2. Conduct a culture audit of potential partners. Assessing the culture of the target company should be part of the due diligence process. The acquiring party must look for companies that fit, add to, or extend its own culture. The acquirer might look at qualitative data like mission/purpose, culture, vision, values, goals and future aspirations, and/or quantitative data from workplace assessments. Some companies have done their own culture assessments; in that case, the acquiring company should ask for those results. If, like Kraft Heinz, your culture is consistent with financial agility and tools like cost-cutting, don’t buy an innovator that requires massive, long-term, thoughtful investment to be successful.

  3. Define the new organization with culture in mind. Even in the case of a good match, the new combined entity must redefine itself as one organization with a shared mission, values and culture. Smart leaders build plans for culture integration and include them in the approach strategy and offer. And before the organizations become one, management must be aligned around the key strategic and cultural themes for the new organization.


Consider the “Different Works” ad campaign from Alaska Airlines and Mekanism, its branding agency. Alaska Airlines and Virgin Atlantic are both great brands with a loyal consumer following, yet neither customer base was excited about the recent merger. The new ad campaign highlights the fact that while a pairing may seem strange at first, it could be a great fit. In its ads, Mekansim asks us to consider electricity and guitars, labradors and poodles, salty and sweet, comedy and romance, chocolate and bacon, and now Alaska Airlines and Virgin Atlantic.

One gets the sense that management did consider the cultural pitfalls of acquiring an iconic brand. Brad Tilden, CEO of Alaska Airlines said, “Alaska and Virgin are different airlines, but we believe different works. The two airlines may look different, but our core customer and employee focus is very much the same.” Mike Zlatoper, EVP of Mekanism, explained, “What we really wanted to do was lean in and acknowledge the truth. On the surface these airlines are different but underneath there are lots of similarities.” Alaska Airlines has tapped into a fundamental success factor in corporate mergers: once you believe you have a good partner, focus attention on the synergy.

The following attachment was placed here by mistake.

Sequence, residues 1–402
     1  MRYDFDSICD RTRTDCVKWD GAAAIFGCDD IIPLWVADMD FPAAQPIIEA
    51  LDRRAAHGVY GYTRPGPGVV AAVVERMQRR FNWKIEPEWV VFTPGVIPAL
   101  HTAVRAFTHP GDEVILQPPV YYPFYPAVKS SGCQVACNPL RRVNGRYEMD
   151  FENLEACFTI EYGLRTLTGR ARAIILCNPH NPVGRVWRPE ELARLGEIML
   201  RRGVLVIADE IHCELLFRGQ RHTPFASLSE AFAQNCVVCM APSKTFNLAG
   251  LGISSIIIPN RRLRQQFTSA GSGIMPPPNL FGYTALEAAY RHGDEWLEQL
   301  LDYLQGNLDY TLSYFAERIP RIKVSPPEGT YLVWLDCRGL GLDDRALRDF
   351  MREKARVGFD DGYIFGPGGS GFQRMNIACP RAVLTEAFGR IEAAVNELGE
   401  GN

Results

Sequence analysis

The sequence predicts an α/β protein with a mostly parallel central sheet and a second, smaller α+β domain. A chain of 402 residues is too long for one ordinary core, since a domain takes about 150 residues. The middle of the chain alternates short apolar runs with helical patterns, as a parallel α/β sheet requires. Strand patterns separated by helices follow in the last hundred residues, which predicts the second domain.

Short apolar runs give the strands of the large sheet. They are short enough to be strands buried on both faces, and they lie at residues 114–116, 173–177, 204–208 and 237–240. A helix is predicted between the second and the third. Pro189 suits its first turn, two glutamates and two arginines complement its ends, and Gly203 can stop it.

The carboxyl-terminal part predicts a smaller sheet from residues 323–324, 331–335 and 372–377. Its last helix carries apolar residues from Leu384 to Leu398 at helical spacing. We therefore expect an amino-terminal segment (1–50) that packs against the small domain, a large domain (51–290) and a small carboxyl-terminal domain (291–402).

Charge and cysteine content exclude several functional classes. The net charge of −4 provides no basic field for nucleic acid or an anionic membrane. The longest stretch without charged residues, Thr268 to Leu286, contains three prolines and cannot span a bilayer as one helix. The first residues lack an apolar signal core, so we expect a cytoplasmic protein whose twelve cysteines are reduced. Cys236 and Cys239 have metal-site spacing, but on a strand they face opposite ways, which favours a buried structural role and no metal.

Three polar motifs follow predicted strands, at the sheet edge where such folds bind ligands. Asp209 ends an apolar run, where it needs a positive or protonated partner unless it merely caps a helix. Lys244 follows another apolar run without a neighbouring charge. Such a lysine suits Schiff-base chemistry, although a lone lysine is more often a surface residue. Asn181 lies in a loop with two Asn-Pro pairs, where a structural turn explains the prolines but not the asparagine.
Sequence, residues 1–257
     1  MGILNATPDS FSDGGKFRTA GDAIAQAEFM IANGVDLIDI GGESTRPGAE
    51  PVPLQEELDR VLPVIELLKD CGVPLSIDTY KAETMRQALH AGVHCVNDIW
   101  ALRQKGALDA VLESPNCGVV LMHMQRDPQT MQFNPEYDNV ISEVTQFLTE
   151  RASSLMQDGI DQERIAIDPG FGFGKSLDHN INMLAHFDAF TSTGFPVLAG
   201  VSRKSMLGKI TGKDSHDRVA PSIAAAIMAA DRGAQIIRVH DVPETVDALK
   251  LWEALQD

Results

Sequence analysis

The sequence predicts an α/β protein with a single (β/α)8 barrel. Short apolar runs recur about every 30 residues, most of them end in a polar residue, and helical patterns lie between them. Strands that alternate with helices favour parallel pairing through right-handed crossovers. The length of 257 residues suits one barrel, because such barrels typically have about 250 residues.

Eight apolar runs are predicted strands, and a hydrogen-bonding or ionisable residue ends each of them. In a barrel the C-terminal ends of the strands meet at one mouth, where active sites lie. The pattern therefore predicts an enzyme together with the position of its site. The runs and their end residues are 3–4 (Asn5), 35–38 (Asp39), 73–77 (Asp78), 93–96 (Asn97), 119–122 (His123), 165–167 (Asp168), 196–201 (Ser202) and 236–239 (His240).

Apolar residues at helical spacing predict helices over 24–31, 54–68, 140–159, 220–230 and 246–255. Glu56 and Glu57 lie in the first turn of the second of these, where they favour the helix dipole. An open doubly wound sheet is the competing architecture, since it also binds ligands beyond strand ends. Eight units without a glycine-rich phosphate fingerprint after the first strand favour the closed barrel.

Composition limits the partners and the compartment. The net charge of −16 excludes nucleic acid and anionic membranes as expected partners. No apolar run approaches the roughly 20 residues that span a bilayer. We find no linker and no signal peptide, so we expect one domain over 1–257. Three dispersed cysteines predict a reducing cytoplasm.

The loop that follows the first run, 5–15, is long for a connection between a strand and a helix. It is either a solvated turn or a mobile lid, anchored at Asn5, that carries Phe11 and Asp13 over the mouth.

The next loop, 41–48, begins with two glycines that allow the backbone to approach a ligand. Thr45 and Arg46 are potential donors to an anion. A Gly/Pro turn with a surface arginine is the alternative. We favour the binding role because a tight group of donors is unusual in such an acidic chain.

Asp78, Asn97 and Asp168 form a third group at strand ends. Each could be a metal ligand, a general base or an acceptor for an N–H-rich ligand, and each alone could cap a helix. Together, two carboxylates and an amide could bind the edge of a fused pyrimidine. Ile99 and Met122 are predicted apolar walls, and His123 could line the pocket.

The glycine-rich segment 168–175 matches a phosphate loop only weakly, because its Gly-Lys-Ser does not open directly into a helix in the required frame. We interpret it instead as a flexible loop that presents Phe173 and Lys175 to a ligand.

Note that we are talking about focusing attention, not simply communicating. Bringing together two companies creates a whirlwind of information. Employees and other stakeholders will try to filter and make sense of all of it, drawing their own conclusions in the absence of clarity. Unless you focus attention on the right information, uncertainty will reign. Uncertainty is the greatest enemy of sustainable change. Employees need to feel confident and secure during a business combination. Unless leaders and managers focus on the right messages and a clear path forward, any other efforts of the leadership team will be negated.

Managing a business today is hard enough. During a merger the challenges are acute and the stakes are much higher. Culture is one key to success.

*Taken from public sources such as Bloomberg, The Financial Times and The Wall Street Journal

Christian is Vice President, Consulting for Emerson Human Capital. Christian has led enterprise wide transformational retail consulting projects for Gallup and Accenture and worked in global development for Walmart and Metro AG.